I’m having a hard time keeping up with the blog now that I have two jobs: General Manager of City Opera Vancouver, as I have had since March, and now also Administrative Manager of Flamenco Rosario. These are both wonderful companies to work for and with, and I am enjoying my work with both of them, but it’s been a real adjustment. For the Flamenco Rosario job, I commute three days a week from White Rock to the Scotiabank Dance Centre on Davie. I catch the 351 bus near my house, ride it to Bridgeport Station at the northern end of Richmond, and then catch the Canada Line skytrain to Yaletown Roundhouse, from where I walk a few blocks to the office. It takes over an hour each way and costs just over $4.

The buses are plush-seated commuter buses with seats in pairs behind the accessible section at the front. If a trip is uncomfortable, it’s because I’m seated next to someone who is too large for the seat, or because there is too much traffic in the tunnel. The other day, some poor woman had a seizure while we were stuck in traffic in the tunnel for a prolonged period of time; we all waited for an ambulance to come pick her up from the Steveston off-ramp stop. That day, the bus was so crowded, there were people standing up all the way to the very back. On certain trips, the train is also very crowded, which people packed in like sardines, right to the doors. Sometimes, one must wait an extra three to five minutes for another train, if the one that arrives is packed and no one gets off at your station. I don’t really mind any of this, although the need for improvements to the transit system here is glaringly obvious. I often read and/or listen to music on headphones. I also meet people and make friends on transit.

One of my favourite questions to ask people on transit is “how good would they have to make transit, so that no one would bother to drive?” The question is generally regarded as absurd. How many trips? How many seats? What routes? What pricing? If enough transit was provided now, it could drastically improve the conditions for driving by reducing traffic. The financial incentive is a complex problem that could be simplified by making transit free. To me, this would be a perfect way to make things easier for the lower mainland’s poorest residents; to reduce traffic congestion; to reduce emissions; to improve public safety (since private auto accidents are so common); and, in a modest way, to alleviate the housing crisis, by making it easier to choose to be located farther away from the most expensive areas. The obvious downside is the tax lift that would be necessary to pay for it, especially with a vastly expanded transit ridership—but on the other hand, I wonder how much could be saved by eliminating the need for fare enforcement? How much would we save on auto accident reduction? This could also be the most painless way to reduce emissions.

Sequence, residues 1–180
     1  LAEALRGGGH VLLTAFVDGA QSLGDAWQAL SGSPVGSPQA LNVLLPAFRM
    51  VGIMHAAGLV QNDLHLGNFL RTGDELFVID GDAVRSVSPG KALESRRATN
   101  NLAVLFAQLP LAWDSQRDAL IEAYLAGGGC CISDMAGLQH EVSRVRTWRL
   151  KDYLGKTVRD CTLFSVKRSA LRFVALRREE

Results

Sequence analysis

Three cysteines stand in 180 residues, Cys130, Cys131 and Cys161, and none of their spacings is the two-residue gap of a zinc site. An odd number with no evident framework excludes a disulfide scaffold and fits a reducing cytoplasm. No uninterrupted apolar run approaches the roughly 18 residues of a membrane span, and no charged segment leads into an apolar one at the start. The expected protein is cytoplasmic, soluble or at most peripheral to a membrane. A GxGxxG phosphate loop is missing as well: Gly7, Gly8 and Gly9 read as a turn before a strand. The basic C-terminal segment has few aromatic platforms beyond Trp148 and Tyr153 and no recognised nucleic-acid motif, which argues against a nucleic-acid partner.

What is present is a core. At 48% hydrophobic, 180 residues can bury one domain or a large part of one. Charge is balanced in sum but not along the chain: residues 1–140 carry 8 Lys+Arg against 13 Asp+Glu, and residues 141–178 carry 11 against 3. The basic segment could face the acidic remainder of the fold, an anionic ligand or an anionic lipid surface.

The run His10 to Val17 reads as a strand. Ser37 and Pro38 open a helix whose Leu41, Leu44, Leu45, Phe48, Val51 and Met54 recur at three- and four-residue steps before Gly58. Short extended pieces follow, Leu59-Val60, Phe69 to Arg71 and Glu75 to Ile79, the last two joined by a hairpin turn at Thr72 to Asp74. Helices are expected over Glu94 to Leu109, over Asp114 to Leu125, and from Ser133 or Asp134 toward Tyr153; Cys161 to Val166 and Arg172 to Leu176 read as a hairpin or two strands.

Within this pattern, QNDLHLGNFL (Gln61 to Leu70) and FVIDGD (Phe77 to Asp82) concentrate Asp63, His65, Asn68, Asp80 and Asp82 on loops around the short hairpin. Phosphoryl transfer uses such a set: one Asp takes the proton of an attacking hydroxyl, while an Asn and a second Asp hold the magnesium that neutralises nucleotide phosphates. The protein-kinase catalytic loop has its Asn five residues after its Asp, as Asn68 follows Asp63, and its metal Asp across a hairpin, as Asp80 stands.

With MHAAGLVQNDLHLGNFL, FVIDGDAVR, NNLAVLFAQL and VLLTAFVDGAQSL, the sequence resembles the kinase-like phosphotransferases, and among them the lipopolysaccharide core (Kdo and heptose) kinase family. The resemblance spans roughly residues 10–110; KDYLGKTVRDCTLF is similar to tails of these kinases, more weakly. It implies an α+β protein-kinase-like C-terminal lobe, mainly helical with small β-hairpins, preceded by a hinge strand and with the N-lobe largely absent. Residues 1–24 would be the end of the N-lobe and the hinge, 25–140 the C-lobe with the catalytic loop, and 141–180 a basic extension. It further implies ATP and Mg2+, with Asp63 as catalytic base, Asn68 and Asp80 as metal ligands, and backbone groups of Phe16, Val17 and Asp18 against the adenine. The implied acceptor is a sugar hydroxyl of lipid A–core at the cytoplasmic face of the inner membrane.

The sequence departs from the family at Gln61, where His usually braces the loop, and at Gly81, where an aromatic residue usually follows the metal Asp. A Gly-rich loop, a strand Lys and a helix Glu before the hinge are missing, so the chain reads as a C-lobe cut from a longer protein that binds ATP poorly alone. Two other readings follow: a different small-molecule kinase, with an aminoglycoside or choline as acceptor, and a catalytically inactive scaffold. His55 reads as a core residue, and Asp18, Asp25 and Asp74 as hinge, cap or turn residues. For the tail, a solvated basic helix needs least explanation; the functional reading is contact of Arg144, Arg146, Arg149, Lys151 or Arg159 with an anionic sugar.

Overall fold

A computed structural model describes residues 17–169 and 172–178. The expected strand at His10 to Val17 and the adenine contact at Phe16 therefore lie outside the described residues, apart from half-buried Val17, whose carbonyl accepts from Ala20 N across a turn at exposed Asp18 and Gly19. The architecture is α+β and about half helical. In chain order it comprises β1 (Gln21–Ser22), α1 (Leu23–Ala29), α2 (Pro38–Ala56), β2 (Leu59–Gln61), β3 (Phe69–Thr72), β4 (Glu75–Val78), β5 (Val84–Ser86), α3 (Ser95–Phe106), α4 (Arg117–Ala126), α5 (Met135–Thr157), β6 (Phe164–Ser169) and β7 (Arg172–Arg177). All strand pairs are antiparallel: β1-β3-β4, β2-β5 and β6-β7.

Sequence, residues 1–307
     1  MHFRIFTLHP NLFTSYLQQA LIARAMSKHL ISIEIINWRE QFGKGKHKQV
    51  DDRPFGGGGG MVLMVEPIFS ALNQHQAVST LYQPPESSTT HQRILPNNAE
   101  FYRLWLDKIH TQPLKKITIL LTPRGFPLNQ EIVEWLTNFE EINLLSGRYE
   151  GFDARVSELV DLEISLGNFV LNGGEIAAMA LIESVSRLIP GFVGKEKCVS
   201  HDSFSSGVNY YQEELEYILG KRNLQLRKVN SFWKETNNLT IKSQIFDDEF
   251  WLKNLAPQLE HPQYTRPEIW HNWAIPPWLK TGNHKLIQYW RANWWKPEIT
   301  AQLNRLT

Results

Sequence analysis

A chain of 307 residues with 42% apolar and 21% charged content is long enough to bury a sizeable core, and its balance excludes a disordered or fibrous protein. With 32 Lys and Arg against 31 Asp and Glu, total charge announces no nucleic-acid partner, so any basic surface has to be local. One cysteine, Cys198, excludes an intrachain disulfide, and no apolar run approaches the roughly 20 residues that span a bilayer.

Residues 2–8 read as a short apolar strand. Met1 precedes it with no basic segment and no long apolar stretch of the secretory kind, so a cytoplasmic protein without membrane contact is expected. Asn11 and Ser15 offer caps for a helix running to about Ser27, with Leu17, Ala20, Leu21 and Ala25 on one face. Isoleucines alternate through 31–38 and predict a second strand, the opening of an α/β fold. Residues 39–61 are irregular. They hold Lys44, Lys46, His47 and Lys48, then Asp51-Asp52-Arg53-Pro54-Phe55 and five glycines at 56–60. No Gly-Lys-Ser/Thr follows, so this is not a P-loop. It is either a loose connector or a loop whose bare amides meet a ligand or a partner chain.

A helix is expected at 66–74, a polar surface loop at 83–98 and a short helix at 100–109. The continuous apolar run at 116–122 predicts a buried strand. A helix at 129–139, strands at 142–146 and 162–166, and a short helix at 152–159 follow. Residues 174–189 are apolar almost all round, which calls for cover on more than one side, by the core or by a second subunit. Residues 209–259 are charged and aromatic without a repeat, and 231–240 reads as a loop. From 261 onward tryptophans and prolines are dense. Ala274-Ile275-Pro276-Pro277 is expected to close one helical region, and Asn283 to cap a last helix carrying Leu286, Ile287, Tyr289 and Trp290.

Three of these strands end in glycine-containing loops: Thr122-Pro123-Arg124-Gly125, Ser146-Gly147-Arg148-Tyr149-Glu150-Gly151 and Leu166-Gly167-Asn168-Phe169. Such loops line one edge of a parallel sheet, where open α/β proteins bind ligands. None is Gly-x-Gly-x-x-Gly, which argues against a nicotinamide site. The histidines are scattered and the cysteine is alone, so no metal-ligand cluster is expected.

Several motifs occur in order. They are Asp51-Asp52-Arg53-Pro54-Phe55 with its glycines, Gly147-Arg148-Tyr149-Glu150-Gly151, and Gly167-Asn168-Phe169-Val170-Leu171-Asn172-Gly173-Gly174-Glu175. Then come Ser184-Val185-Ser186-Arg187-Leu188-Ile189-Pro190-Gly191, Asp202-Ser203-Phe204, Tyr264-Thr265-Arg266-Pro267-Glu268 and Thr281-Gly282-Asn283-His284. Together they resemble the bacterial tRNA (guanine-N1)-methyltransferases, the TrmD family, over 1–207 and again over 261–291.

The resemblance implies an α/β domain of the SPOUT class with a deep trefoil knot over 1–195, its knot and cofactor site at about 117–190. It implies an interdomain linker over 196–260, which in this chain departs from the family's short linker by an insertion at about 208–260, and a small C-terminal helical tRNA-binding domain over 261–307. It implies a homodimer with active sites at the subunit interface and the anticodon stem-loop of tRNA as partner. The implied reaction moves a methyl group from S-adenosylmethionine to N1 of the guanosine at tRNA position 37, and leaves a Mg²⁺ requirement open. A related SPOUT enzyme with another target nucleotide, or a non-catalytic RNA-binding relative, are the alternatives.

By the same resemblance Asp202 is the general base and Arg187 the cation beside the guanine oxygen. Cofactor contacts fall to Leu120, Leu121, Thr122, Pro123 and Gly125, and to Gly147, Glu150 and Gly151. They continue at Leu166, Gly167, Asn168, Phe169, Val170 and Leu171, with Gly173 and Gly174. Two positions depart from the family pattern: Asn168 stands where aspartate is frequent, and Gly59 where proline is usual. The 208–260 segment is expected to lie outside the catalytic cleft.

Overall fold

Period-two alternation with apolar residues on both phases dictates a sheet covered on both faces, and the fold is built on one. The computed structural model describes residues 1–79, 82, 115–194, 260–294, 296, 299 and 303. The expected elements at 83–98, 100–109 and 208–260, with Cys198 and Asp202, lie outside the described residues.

I am going to catch up my blog posts within the next week. I hope you enjoy them! I always enjoy writing them to you.